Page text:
Orange County government officials have referred to District Attorney Tony Rackauckas an internal county investigation of sexual harassment allegations against Santa Ana Councilman Carlos Bustamante that were lodged while he was an executive at OC Public Works.
“We did get the complaint,” said Rackauckas’ chief of staff, Susan Kang Schroeder, late Tuesday. “We’re reviewing it.”
County Counsel Nick Chrisos wrote to Rackauckas last week, referring the results of a confidential report from the county’s internal auditor about the allegations against Bustamante, who had been seen as a rising Latino star in the Republican Party.
Bustamante, who maintains his innocence against the allegations, resigned from his $178,277 job last October after an internal county probe concluded.
In September, the Orange County Register reported on a string of anonymous letters sent to county officials alleging that Bustamante had traded promotions for sex with his subordinates.
One letter alleged specific details about four “current and former female OC Public Works employees” and warned supervisors that department directors were aware of the situation and turning a blind eye.
Peter Hughes, the county’s internal auditor, also apparently came to the conclusion that senior officials inside the county bureaucracy knew about the situation but didn’t follow established protocols in their response.
According to sources close to the situation, Human Resources Director Carl Crown stonewalled Hughes when the auditor sought more information on the matter, apparently withholding an internal legal investigation into the case.
OC Public Works Director Jess Carbajal also has come under scrutiny for his lack of action when the original allegations against Bustamante surfaced more than a year ago.
And last week, county CEO Tom Mauk was grilled by county supervisors, who were enraged when they got the Hughes audit report on March 2. Mauk and county Supervisor Bill Campbell, a Mauk ally, were out of town the Friday that Hughes’ report landed.
The four-page audit report triggered a tense closed-session discussion March 6, the following Tuesday, which was questionably listed under “anticipated litigation.” Supervisor Janet Nugyen, another Mauk ally, pressed for a delay in further consideration of the matter until Monday.
Shortly after that meeting, Chrisos sent his letter to Rackauckas.
On March 8, Voice of OC published an article detailing the Bustamante controversy.
The next day, county supervisors met in an emergency closed session on the matter but didn’t report any action. Supervisors had their first chance to meet face to face with Mauk on Monday, meeting privately under the rationale that they were assessing his performance evaluation. They also concluded Monday’s meeting without reporting any decisions taken.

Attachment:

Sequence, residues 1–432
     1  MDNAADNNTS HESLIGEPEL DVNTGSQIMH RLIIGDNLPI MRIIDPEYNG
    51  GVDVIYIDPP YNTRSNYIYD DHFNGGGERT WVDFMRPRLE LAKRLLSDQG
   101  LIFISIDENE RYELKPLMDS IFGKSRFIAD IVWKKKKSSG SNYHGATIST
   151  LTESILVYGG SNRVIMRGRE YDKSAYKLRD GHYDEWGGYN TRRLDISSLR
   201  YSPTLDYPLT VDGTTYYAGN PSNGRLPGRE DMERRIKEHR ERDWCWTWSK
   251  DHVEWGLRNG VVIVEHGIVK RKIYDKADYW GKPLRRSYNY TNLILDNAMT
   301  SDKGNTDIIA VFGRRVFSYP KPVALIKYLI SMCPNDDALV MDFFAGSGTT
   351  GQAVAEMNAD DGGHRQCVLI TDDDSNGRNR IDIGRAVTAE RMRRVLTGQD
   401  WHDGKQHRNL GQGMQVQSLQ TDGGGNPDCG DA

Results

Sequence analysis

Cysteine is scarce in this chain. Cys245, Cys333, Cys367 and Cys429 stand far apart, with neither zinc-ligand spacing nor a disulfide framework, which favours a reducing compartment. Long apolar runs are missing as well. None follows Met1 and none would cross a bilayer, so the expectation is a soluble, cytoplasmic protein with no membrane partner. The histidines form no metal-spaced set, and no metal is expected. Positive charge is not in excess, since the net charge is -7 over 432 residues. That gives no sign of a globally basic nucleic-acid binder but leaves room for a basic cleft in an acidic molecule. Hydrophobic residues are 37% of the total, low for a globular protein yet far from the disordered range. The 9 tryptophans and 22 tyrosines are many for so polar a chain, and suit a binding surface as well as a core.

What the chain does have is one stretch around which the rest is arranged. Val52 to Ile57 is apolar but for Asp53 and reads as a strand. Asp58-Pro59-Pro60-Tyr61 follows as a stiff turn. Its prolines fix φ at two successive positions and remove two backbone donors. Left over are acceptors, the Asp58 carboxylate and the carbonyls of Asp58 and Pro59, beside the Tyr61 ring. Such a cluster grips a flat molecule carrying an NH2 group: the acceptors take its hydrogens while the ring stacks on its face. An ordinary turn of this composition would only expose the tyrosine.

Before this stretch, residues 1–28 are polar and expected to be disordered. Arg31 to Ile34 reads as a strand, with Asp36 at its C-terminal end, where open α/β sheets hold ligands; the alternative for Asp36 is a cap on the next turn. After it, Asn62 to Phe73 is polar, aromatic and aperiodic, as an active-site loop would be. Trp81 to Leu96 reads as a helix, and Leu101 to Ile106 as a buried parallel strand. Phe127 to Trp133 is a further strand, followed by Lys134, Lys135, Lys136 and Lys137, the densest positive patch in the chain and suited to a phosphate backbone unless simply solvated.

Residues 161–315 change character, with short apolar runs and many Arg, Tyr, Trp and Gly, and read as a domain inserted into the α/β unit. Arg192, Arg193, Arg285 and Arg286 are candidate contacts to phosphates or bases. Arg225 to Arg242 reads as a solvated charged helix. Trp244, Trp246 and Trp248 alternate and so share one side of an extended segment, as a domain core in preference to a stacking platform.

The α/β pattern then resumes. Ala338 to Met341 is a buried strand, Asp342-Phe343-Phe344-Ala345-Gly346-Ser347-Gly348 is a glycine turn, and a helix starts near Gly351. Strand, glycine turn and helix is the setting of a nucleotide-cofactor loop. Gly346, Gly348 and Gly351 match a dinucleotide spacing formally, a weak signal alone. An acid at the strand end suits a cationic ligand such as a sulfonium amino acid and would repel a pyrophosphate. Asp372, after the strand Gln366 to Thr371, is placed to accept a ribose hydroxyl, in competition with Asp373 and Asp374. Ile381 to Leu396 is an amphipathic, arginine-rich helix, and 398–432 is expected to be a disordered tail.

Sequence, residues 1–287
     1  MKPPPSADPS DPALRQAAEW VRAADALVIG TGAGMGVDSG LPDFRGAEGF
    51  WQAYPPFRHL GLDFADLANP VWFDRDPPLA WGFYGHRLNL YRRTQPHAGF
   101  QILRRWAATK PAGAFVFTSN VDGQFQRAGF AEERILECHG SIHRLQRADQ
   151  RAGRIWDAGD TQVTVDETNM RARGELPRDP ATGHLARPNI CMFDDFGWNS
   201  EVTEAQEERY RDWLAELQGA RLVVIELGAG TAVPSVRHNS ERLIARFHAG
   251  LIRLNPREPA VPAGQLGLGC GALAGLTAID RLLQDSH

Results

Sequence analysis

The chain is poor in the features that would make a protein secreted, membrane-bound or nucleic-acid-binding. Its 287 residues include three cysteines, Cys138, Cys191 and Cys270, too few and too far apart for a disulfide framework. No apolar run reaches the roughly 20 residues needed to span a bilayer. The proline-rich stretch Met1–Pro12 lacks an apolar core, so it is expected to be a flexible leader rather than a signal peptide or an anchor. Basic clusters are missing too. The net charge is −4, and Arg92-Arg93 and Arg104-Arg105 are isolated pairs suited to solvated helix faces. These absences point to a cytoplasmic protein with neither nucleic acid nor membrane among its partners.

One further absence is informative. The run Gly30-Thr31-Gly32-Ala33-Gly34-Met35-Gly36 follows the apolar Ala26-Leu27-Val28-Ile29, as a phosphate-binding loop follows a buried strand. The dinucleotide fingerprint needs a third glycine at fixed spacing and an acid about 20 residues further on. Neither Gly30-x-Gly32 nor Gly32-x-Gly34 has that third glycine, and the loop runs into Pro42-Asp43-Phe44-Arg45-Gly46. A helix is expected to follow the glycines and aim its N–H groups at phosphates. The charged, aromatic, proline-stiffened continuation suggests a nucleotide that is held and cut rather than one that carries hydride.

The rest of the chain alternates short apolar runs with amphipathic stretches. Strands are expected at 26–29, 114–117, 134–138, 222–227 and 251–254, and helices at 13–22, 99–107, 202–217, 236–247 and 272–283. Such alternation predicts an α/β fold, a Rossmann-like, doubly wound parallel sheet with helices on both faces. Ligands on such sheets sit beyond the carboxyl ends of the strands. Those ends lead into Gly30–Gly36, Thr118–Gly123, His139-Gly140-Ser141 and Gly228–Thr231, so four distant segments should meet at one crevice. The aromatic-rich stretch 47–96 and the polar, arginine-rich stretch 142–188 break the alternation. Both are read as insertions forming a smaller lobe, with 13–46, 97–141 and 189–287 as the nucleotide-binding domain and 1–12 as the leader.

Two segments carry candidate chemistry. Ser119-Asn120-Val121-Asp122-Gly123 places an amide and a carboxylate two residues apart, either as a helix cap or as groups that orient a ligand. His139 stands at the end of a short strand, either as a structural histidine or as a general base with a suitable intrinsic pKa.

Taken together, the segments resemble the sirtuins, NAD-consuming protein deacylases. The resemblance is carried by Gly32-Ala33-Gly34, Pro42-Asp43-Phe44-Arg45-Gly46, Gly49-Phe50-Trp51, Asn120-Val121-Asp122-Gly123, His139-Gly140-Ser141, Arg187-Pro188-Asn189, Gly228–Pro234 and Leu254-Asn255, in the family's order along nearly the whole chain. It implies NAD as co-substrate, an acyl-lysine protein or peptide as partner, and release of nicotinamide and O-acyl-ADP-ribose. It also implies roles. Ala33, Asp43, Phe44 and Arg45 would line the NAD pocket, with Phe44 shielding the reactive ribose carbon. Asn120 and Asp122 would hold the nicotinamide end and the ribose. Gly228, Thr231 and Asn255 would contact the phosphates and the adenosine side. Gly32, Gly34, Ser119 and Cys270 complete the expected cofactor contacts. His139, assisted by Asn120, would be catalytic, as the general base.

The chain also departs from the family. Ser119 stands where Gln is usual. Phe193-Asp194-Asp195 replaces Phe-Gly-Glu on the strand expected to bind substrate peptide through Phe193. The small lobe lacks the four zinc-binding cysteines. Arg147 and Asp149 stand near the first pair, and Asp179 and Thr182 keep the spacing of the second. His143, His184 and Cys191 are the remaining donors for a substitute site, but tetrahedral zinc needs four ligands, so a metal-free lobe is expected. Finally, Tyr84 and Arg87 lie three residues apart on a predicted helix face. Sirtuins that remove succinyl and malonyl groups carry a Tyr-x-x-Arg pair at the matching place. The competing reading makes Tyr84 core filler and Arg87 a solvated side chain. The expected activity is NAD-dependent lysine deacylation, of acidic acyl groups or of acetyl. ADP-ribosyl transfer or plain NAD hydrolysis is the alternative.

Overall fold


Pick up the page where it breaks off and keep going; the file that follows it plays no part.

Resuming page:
On Monday, all supervisors read from the same prepared text, alluding to the brewing scandal by acknowledging that “the board learned of an investigative report, prepared at the behest of the CEO by an outside attorney during September of last year that assessed claims of sexual harassment/misconduct that were alleged in anonymous letter to the board, media and county staff.”
Mauk has himself come under criticism from supervisors about the delay in action by top officials. There are questions aimed at Chrisos about whether concerns were properly relayed to his office. And there is now considerable pressure on Mauk to fire officials like Crown, who is retiring in May, and Carbajal.
“The board has directed the CEO to reassess the need for disciplinary action and any additional review as a result of the Internal Audit and outside investigator reports,” read the board statement.
According to sources close to the situation, supervisors have since softened their stance toward Mauk but remain insistent that some discipline and accountability should be enforced at top levels.
“We’ve got a mess on our hands,” said Supervisor Shawn Nelson, who oversaw the response to a scathing performance audit of the human resources department last year. “Human resources is a mess.”
Nelson acknowledged the tension with Mauk but said supervisors remained committed to him as long as Mauk remained engaged.
“I wouldn’t classify it as a storm. I want to work with my CEO to make this a well-run place,” Nelson said.
Supervisors Chairman John Moorlach also acknowledged the difficult discussions of the Bustamante allegations in weeks past but wouldn’t comment on specifics. He did say all audits like the probe into Human Resources and the Bustamante affair showed that “we’re taking critical looks at ourselves.”
Moorlach declined comment on the referral to the district attorney, adding only that “I’ll let the system do what it’s supposed to do.”